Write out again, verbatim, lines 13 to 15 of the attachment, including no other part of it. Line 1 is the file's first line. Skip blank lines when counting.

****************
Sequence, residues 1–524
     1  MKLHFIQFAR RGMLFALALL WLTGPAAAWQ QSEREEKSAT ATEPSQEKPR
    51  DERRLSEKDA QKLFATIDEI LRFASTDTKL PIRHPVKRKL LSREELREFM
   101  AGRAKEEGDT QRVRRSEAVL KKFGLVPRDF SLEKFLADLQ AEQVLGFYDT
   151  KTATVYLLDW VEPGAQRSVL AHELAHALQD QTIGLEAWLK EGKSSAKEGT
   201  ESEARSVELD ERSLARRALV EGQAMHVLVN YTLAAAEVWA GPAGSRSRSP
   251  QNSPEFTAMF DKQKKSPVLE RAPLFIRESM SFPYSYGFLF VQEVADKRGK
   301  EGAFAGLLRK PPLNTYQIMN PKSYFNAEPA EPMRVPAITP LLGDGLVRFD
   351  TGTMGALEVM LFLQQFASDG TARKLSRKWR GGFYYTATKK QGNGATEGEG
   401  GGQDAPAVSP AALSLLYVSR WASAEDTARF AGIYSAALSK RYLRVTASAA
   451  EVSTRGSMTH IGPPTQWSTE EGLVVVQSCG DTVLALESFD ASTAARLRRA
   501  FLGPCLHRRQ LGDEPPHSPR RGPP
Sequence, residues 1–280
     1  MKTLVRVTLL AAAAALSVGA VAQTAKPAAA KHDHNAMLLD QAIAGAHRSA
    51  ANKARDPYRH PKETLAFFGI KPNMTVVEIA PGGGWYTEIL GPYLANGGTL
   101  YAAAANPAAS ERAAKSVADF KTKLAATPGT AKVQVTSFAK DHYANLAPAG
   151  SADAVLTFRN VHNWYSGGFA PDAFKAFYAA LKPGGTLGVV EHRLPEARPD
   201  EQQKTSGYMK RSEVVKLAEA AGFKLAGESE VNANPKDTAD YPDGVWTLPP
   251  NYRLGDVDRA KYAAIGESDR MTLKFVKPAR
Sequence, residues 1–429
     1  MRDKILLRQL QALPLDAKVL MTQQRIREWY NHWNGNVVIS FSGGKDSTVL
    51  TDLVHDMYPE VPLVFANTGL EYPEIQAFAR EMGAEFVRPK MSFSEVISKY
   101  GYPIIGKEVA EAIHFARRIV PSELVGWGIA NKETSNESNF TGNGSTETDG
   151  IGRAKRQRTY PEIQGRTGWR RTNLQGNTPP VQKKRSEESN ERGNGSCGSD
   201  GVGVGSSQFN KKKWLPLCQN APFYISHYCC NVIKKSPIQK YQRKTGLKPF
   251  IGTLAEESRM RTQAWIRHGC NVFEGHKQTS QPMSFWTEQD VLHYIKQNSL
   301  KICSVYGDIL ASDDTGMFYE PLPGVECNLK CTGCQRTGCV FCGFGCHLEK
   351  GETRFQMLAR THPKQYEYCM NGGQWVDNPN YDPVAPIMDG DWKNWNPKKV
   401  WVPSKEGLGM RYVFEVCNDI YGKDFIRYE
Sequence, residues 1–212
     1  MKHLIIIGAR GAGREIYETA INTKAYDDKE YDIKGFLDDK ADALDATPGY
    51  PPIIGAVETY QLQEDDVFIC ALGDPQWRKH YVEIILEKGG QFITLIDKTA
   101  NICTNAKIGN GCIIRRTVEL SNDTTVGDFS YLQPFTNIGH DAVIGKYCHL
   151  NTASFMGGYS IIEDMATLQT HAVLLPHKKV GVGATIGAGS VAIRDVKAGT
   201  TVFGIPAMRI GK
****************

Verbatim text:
Sequence, residues 1–280
     1  MKTLVRVTLL AAAAALSVGA VAQTAKPAAA KHDHNAMLLD QAIAGAHRSA
    51  ANKARDPYRH PKETLAFFGI KPNMTVVEIA PGGGWYTEIL GPYLANGGTL